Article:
T.I. burst onto the music scene back in 2006 with his hit song "What You Know," but that year also marked his acting debut in ATL, which was shot in and set in his hometown of Atlanta. While more hit albums and singles followed throughout the years, the rapper also started putting together a fine acting resume, with roles in American Gangster, Takers, Identity Thief and TV shows such as Boss and House of Lies. After appearing in two movies already this year, Get Hard and Entourage, T.I. joins the Marvel Cinematic Universe with a role in the highly-anticipated superhero movie, Ant-Man, arriving in theaters today, July 17.
The actor plays Dave, who, along with Paul Rudd's Scott Lang, Michael Peña's Luis and David Dastmalchian's Kurt, plan a heist that will change their lives forever. After successfully breaking into the home of Hank Pym (Michael Douglas), they don't find the riches they expect, only a strange "suit" and helmet. Little did they know it was all part of Pym's plan, to pull off an even bigger and more elaborate heist, on a much larger scale.
I recently had the chance to sit down with T.I. where he discussed his brief "fling" with comic books as a kid, working with director Peyton Reed, shooting in his hometown of Atlanta and much more. For fans of his music, he also offers new details about his 10th album, entitled The Dime Trap, and he also revealed what movie genre he wants to tackle, which may surprise you. Take a look at our full conversation below.
How long have you been wanting a Marvel movie?
T.I.: A long time. I mean, when you actually involve yourself in the world of acting, one of the things you always want to do is, if only once, experience the huge budget, big set, peek behind the curtain of how these things actually take place. When it finally presents itself as an opportunity, you're kind of skeptical in the sense of, you figure as big as this budget is, and as big of an opportunity as it is, you expect for it to be very rigid, a very not-so-fun experience, due to the magnitude of investment, time. You just expect everyone to be on edge. This was nothing like that. It was the complete opposite. The set felt like an independent boutique kind of thing. There was a camaraderie and an instant getting-along with everyone. Everyone had the utmost respect for each other, and it made it easier to embellish and experiment with the script.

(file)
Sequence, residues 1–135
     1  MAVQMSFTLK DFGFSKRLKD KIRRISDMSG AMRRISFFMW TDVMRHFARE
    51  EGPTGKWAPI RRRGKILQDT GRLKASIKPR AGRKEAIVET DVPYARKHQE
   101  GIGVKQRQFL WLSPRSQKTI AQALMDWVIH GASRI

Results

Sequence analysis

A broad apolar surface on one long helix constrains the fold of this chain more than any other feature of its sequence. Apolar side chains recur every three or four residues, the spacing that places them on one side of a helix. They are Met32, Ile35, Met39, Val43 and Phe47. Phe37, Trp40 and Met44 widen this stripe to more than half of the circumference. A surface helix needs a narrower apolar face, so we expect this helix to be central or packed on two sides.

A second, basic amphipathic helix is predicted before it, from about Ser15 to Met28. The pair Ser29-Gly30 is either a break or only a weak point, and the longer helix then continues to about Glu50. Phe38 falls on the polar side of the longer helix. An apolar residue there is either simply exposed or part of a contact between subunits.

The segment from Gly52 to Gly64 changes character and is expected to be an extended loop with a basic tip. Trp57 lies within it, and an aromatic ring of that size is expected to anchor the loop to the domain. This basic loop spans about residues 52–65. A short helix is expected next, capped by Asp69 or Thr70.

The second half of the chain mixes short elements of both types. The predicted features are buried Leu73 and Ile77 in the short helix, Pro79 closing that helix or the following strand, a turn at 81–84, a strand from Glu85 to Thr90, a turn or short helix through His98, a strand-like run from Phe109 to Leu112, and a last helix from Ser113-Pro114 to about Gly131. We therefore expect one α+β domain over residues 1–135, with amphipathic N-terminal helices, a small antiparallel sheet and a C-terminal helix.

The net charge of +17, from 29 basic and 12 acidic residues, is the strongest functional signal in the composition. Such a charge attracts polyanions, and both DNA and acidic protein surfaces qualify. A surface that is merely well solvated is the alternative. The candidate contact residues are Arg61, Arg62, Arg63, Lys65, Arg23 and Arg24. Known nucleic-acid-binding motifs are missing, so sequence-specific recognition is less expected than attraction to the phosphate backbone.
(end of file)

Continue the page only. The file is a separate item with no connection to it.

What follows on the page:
Since they shot this in Atlanta, your hometown, did they come to you a lot about places to go to, places to avoid, for either locations or after-hours?
T.I.: We didn't have many locations. We only shot on a set, a studio stage in Atlanta, the studio and then the Pym laboratories, PymTech. But yeah, I think Michael Peña, on a day where he got off early or didn't have to work the next day, he kind of asked me for some places to go, and I gladly set him up an itinerary of things to do. He thoroughly enjoyed himself. He doesn't remember much about it, but he said he enjoyed himself.
The group chemistry you guys have really pops off the screen. How early in the process did you realize that you all...
T.I.: Day One. We were just kicking ass, man. There was no tension, no hesitance. Everyone was just really genuinely happy to be there and to be a part of it. Everyone wanted it to work, everyone wanted to be supportive of the next. It was awesome.
I was talking to Michael Peña earlier and he mentioned how infectious and upbeat (director) Peyton Reed was on the set. Were you expecting that kind of upbeat mentality when you first met him?